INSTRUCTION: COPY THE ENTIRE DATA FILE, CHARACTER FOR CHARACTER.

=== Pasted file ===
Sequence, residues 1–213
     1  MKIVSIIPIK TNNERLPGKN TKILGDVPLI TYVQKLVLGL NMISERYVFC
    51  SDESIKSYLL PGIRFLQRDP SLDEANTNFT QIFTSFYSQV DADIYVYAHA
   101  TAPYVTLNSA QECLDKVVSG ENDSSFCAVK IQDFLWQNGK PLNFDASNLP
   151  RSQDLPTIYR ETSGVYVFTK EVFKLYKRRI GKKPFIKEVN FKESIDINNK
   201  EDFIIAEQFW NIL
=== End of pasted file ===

Sequence, residues 1–213
     1  MKIVSIIPIK TNNERLPGKN TKILGDVPLI TYVQKLVLGL NMISERYVFC
    51  SDESIKSYLL PGIRFLQRDP SLDEANTNFT QIFTSFYSQV DADIYVYAHA
   101  TAPYVTLNSA QECLDKVVSG ENDSSFCAVK IQDFLWQNGK PLNFDASNLP
   151  RSQDLPTIYR ETSGVYVFTK EVFKLYKRRI GKKPFIKEVN FKESIDINNK
   201  EDFIIAEQFW NIL